I bring you good tidings of great joy which shall be to all the people:

            for there is born to you this day in the city of David a Saviour, which

            is Christ the Lord. And this is the sign unto you; ye shall find a babe

            in swaddling clothes, and lying in a manger.”  (Luke 2)


            So, I began to think about that phrase. . . “The GLORY of the Lord.” And in times of solitude as our celebration of Christmas approaches, I’ve thought about it further length: 

         What IS the Glory of the Lord? 

         My view of Scripture is that in a wonderfully unique sense it is the written Word of God.  That is a faith presupposition (we all have them) and the point of departure as I approach the study of Scripture.  Because of that view, I have a feeling we take it much too lightly (even those who thump it vigorously and say they believe  every jot and tittle from Generation to Revolution~in the KJV!).  It deserves reverent respect and thought, and I dare not skim superficially over the surface hardly ever pausing to weigh words and ideas and discover treasure that will yield to prayerful thought and careful study.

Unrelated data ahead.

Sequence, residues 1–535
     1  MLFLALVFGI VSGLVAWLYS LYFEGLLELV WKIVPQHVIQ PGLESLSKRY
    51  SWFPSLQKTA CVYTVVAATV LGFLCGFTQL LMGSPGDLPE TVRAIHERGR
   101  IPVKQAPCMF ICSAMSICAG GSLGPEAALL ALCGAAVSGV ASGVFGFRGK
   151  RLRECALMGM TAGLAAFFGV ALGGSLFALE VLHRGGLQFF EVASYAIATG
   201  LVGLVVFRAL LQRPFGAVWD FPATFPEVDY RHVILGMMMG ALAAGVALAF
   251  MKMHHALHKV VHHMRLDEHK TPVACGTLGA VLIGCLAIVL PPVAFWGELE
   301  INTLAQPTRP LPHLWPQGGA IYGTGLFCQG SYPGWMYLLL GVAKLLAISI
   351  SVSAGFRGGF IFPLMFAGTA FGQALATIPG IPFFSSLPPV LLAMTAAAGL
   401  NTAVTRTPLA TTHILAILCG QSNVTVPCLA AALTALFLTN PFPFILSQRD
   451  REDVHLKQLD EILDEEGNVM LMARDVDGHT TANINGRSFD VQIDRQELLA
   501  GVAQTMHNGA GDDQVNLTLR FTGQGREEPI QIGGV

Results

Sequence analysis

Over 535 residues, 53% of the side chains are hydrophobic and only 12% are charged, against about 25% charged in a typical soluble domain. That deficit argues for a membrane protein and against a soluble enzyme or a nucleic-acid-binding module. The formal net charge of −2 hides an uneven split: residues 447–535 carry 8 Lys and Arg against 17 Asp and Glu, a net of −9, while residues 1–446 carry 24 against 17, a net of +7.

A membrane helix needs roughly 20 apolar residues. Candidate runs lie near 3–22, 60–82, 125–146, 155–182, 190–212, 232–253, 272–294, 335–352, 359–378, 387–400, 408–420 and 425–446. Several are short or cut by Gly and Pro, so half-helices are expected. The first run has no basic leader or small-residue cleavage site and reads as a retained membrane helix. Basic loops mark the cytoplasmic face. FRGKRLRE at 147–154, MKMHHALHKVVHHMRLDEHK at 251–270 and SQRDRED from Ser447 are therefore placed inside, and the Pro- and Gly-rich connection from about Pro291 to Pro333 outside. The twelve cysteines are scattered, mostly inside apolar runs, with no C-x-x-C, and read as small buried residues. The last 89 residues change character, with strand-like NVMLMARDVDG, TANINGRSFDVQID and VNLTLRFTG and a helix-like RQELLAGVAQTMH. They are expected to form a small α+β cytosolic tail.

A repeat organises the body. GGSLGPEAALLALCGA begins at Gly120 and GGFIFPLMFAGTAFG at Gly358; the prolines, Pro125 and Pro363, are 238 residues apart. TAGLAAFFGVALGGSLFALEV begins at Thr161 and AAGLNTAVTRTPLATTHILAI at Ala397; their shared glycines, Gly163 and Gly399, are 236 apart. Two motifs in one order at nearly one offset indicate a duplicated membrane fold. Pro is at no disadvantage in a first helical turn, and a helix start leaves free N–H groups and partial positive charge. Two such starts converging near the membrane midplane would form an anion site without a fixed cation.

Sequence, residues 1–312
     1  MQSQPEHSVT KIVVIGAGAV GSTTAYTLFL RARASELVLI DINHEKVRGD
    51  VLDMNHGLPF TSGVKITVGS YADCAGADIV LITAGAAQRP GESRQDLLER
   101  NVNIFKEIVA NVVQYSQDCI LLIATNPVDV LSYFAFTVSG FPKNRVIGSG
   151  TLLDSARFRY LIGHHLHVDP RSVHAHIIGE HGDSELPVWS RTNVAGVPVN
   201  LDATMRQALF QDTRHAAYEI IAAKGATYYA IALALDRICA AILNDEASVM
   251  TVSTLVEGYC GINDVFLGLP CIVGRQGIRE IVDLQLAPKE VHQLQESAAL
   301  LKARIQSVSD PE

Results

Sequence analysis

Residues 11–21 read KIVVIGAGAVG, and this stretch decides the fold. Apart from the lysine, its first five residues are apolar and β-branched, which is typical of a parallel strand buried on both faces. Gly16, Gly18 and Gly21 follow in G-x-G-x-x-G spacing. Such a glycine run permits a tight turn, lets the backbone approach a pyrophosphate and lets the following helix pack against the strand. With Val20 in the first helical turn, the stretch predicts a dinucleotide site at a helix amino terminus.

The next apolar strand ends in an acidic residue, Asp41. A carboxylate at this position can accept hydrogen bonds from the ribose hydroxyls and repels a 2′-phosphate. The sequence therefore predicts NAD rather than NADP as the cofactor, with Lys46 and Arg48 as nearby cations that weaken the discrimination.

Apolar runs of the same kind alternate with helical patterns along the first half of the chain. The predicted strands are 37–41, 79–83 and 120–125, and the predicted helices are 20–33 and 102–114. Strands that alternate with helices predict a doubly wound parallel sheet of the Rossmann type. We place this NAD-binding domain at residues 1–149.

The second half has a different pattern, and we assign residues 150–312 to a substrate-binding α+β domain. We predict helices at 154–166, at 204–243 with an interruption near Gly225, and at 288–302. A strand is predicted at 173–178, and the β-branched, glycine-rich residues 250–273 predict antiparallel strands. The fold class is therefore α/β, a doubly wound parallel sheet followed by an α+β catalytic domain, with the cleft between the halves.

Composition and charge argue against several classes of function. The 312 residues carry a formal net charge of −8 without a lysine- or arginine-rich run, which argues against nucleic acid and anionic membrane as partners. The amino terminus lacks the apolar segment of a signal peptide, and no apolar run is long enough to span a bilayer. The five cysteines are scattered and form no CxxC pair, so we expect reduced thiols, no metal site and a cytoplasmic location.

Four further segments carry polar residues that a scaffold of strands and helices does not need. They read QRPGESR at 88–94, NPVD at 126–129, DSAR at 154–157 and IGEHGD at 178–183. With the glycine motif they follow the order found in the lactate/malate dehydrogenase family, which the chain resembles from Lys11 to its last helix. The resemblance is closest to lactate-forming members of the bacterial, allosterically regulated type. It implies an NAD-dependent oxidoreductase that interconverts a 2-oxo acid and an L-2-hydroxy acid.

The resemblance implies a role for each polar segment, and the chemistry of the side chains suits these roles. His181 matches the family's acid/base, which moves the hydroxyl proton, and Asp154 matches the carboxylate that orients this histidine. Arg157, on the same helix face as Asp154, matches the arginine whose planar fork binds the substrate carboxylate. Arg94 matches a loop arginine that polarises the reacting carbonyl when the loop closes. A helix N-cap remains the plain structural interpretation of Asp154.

What, then, is the “Glory” of the Lord?

         In pursuit of an answer I consulted a dictionary, a thesaurus, a concordance, a Bible dictionary, Wikipedia (a pretty handy online encyclopedia), a couple of sermons on the subject and a couple of commentaries.  I also conferred with the gentleman whose face I see in the mirror each time I decide to shave.  He and I don’t even try to blow smoke at each other these days!  And I wondered and pondered.  I tried to think of synonymns (other words with similar meaning) and antonymns (words with the opposite meaning.  Sometimes I can get a better understanding of an idea if I can decide what it is NOT.).